Dublin Fire Brigade, Occupational Stress, Violence
This study was designed to (i) identify the nature, incidence and prevalence of work-related violence (ii) examine sources and frequency of stress, and (iii) evaluate psychological distress in operational and control-room personnel. The measures used were the Survey of Violence Experienced by Staff, the Sources of Occupational Stress Questionnaire and the General Health Questionnaire. 96% of operational personnel had experienced some form of work-related violence in their careers. Primary sources of occupational stress in control room staff included substandard equipment, sleep disturbance and worries over reductions in personnel and wage levels. 45% of control room personnel showed high levels of psychological distress. Findings indicate that occupational stress and work-related violence are significant issues in DFB and provide an evidence-base for recommendations regarding training and organisational initiatives to improve crew-safety and increase psychological well-being. The authors acknowledge Dublin Fire Brigade Partnership and Dublin City Council who commissioned and funded the Study.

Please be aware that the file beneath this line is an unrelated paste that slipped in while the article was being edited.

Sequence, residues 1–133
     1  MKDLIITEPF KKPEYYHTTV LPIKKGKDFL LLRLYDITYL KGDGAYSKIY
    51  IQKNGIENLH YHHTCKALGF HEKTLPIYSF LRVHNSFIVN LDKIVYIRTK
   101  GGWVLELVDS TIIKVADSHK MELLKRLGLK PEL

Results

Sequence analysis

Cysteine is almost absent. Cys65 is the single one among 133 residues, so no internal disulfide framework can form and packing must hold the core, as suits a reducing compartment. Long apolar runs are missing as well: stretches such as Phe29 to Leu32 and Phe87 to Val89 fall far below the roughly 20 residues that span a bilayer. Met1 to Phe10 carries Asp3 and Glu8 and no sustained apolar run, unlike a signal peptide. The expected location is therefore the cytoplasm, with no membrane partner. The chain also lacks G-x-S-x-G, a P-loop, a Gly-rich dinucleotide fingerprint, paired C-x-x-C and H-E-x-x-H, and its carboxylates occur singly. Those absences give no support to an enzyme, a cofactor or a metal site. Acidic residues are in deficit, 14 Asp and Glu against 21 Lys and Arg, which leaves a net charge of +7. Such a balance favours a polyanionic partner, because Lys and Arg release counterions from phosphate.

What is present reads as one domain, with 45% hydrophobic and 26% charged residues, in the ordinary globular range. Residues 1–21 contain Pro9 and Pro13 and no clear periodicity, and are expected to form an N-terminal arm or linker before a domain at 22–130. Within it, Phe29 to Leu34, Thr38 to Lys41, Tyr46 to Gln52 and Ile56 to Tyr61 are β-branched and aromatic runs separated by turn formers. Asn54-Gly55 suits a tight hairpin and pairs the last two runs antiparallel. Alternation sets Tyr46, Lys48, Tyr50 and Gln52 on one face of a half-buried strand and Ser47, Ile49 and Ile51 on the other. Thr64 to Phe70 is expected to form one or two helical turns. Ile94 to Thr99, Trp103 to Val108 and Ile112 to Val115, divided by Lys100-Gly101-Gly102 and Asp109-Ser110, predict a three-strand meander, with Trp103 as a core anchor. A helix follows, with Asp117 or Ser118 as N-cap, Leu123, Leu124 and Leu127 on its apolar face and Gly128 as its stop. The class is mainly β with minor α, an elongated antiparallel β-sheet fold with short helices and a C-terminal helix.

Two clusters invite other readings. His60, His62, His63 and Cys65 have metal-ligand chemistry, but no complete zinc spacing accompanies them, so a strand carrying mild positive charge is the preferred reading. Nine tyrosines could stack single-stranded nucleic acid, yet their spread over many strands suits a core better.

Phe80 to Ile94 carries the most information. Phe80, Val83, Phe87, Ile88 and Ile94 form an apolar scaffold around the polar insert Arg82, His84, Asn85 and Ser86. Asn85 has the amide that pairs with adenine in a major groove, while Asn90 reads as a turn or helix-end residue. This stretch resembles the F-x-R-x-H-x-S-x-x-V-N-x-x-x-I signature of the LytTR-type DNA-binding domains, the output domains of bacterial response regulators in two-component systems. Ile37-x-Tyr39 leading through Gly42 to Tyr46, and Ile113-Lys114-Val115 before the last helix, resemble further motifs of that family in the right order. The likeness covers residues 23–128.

Health and Medical Administration | Medicine and Health Sciences
Harris P, Connolly JF, O'Boyle C. Dublin Fire Brigade: Violence In The Workplace And Occupational Stress In The Control Room. Dublin: Royal College of Surgeons in Ireland, 2008.